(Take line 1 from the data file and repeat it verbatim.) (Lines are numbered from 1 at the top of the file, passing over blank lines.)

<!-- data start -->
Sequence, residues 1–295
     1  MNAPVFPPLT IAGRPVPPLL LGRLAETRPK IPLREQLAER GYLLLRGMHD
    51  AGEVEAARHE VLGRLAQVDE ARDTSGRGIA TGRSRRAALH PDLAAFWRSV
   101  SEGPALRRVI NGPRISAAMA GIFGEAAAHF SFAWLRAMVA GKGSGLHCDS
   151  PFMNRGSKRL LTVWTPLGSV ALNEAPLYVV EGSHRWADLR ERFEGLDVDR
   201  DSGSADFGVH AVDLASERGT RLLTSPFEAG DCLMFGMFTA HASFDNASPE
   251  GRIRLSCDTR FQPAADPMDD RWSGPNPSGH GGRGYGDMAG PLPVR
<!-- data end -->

Sequence, residues 1–295